Monday, July 13, 2015

Recipe: Katsu Sando (Spicy Japanese pork cutlet sandwich)

This is definitely a cheat day treat but to me a katsu sando is the best sandwich in the world. It hits all the major indulgence food groups - fried meat, fluffy bread, spicy morish sauce and rich Japanese egg mayonnaise.

Tonkatsu is the Japanese version of schnitzel - breaded and fried pork or chicken cutlet. After watching one of the contestants make this favoured dish on Food Network Star recently I just had to make one!

Katsu Sando

Tonkatsu cutlet
  • 4 pork cutlets
  • 2 eggs
  • 1/4 cup milk
  • 1/2 cup plain flour
  • 2 cups breadcrumbs
  • Oil for frying

Sandwich fillings 
  • 8 tbspn Tonkatsu sauce 
  • 4 tbpsn Whole egg mayonnaise
  • 1 cup Cabbage or 4 lettuce leaves
  • 8 slices White sandwich bread


  • Start by preparing your cutlet preparation station - get 3 flat bowls, a tray for the breaded cutlet and a chopping board to trim and pound the meat
  • Pound the pork cutlet using a meat tenderiser, the cutlet should be about 1cm thick 
  • Into one bowl plate the flour, if desired you can season the flour using salt and pepper
  • Into the second bowl beat the eggs and milk
  • In the third bowl pour the breadcrumbs - if you can buy Japanese Panko but normal breadcrumbs will also do the trick

  • To bread the cutlet we want to complete a 1 - 2 - 3 process using the flour, then egg, then breadcrumbs
  • The flour and egg will form a glue to stick the breadcrumbs to the meat

  • Place the cutlet in the flour and then using a fork push the flour up into the sides of the cutlet, turn over and repeat. The meat should be completely covered in the flour. 
  • Then move the floured cutlet into the egg and dip again using a fork to ensure the mixture covers the sides of the culet then turn over
  • Once the cutlet is completely covered in egg mixture use the fork to lift the cutlet and drain off excess egg before placing in the breadcrumbs.

  • Cover the cutlet completely in bread crumbs and then turn over, ensure that all the meat and egg mixture is covered in the crumb.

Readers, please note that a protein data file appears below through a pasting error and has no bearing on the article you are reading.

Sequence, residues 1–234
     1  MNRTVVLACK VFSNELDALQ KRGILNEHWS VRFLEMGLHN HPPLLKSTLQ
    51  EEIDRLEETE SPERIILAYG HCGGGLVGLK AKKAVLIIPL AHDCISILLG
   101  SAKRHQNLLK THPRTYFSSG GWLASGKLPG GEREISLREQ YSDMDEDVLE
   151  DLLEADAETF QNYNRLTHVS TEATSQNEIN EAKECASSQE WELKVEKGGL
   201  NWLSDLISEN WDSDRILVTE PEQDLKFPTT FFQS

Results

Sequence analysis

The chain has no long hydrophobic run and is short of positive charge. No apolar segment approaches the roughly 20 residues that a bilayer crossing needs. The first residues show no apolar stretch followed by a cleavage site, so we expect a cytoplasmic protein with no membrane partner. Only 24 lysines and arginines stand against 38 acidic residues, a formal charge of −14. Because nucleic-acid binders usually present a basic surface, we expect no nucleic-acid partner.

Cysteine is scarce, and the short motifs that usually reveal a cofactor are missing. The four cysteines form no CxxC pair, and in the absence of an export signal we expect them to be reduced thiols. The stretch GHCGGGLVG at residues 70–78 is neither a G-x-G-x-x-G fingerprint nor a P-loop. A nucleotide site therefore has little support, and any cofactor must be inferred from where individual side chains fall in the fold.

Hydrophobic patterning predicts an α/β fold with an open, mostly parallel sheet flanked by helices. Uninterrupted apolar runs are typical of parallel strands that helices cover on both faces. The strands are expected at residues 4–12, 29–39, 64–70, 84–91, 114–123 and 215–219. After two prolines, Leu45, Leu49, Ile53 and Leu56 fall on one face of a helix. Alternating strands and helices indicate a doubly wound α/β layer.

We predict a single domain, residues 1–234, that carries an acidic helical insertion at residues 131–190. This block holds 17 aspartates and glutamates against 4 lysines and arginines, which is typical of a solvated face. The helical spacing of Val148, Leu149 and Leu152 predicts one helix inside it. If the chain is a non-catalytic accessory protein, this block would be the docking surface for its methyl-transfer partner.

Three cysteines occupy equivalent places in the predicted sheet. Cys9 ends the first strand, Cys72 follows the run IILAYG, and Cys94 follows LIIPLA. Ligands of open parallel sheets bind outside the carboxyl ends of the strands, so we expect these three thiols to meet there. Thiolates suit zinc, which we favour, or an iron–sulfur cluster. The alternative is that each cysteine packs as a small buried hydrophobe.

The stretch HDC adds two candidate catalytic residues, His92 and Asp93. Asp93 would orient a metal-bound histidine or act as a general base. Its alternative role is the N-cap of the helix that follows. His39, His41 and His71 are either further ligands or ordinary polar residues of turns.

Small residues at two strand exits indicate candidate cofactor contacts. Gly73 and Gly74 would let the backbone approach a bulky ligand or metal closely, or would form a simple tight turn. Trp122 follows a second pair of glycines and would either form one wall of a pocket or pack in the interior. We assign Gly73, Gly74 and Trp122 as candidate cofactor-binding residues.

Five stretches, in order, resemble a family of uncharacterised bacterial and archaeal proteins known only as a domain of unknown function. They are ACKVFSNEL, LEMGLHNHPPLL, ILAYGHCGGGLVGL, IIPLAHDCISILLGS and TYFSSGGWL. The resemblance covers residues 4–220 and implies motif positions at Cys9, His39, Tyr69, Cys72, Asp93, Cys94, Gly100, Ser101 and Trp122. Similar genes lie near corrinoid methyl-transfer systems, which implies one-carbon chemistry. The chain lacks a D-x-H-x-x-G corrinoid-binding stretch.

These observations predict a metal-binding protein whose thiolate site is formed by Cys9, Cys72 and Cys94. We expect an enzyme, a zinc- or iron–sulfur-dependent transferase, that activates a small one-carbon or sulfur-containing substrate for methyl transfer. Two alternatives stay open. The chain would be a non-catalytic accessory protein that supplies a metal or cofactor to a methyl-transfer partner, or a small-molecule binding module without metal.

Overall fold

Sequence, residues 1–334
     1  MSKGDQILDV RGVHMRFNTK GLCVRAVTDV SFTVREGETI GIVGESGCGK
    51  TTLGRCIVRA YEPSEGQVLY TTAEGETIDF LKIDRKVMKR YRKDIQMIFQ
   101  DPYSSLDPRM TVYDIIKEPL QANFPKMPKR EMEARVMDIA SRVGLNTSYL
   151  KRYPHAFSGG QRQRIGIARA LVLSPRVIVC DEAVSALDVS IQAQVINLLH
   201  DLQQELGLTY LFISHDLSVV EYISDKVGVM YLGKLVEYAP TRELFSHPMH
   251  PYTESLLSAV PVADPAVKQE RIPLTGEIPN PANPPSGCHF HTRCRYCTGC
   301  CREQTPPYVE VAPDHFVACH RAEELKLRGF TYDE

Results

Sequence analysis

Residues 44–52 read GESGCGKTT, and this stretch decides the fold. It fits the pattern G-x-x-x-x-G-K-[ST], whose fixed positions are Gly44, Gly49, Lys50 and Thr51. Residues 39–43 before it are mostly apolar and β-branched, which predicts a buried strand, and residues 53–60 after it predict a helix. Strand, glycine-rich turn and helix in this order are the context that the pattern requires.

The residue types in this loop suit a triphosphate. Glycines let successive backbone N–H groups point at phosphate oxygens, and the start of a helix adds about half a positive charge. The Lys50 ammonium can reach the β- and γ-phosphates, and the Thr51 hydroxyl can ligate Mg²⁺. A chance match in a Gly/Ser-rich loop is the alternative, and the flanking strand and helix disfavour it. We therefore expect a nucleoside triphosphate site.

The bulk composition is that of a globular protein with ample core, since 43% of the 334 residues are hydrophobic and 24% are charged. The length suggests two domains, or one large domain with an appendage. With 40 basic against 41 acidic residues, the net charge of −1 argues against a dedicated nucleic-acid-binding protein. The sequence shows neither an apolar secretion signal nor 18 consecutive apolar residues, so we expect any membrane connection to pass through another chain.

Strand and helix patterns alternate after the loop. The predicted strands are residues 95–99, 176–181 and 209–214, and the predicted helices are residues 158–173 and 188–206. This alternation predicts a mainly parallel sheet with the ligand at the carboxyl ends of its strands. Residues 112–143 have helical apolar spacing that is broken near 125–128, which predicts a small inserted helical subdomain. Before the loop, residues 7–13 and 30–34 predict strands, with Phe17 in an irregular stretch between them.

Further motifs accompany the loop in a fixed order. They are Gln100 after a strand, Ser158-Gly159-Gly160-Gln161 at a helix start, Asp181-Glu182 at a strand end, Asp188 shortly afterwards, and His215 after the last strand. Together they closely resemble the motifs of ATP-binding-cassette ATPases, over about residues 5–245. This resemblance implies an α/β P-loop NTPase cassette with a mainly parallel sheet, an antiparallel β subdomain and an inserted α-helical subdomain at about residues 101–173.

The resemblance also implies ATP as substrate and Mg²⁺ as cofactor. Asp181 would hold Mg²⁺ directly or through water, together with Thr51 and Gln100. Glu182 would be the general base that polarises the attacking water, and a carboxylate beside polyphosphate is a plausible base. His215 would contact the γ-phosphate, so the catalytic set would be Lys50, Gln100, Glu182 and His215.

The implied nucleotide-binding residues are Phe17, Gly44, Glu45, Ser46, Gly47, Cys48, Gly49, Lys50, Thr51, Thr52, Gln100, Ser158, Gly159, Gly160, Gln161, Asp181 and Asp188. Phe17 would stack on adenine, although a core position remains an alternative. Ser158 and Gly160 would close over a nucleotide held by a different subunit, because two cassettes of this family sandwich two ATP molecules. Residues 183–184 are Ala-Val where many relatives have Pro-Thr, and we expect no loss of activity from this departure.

• Once you are satisfied with the coverage move the breaded cutlet to a tray while you complete the other cutlets

  • Your completed schnitzels should look like so. If you want to make less than 4 sandwiches move the excess fillets to the freezer and use them later - tonkatsu is great with rice, salad or vegetables!

  • Heat a pan on medium heat and add a high temperature fry oil like grape seed oil. 
  • Use tongs to transfer the cutlets to the hot oil, the bread should sizzle when you add it to the pan. If it doesn't your oil is not hot enough and your sandwich may turn out greasy.
  • You can deep fry the cutlet but this is not required, a pool of oil about the size of a pancake should be enough to shallow fry the cutlet. 
  • Fry until the crumb turns golden and then flip. If desired you can add more oil in when you turn the cutlet to ensure that there is enough oil for even frying. 

  • Once the crumb is golden press the center of the cutlet with your tongs - if the meat is cooked it should be firm and the tongs should not spring to the touch. 
  • If your crumb is golden but the meat is not fully cooked then turn the pan to a lower heat to cook for a further 2 mins 
  • Using your tongs move the cutlet to oil absorbing paper or paper towel to soak up the excess oil.
  • You can serve the cutlet hot, or prepare the fried meat then leave till the following day - it is just as delicious cold 

  • Tonkatsu sauce can be bought at any Asian supermarket or on Amazon. I like this Bull Dog brand which can be bought in most good Asian stores. 
  • Kewpie Brand Japanese mayonnaise is best for authenticity but just about any rich whole egg mayonnaise will do - I like Hellman's or Best Foods mayonnaise when I can't find Kewpie
  • Any soft white sandwich bread will do but I love this thick cut Japanese Hotel Bread to really add to the "wish you were in Tokyo" taste

  • You can toast the bread if desired but I find this works best with untoasted bread
  • On one side of the bread spread the mayonnaise and 1/4 cup of cabbage or if preferred a single lettuce leaf
  • On the other side of the bread liberally cover with Tonkatsu sauce. If you like a lot of sauce then pour it directly onto the breadcrumb coating of the meat rather than onto the bread. This takes some of the crispness out of the cutlet but gives you a rich oozy sandwich.
  • Add the fillet to the sandwich, you may need to cut it into pieces to fit evenly onto the bread
  • Cut the sandwich in half and serve cut side up to your diners. You can cut the sandwich into 3 or 4 slimmer slices if you want to fit it into a bento.
  • Rinse and repeat for each diner - recipe makes 4 sandwiches
  • To get in the spirit of Japanese bistros serve with a creamy dressed side like potato salad or cheese and corn
  • Delicious!

1 comment:

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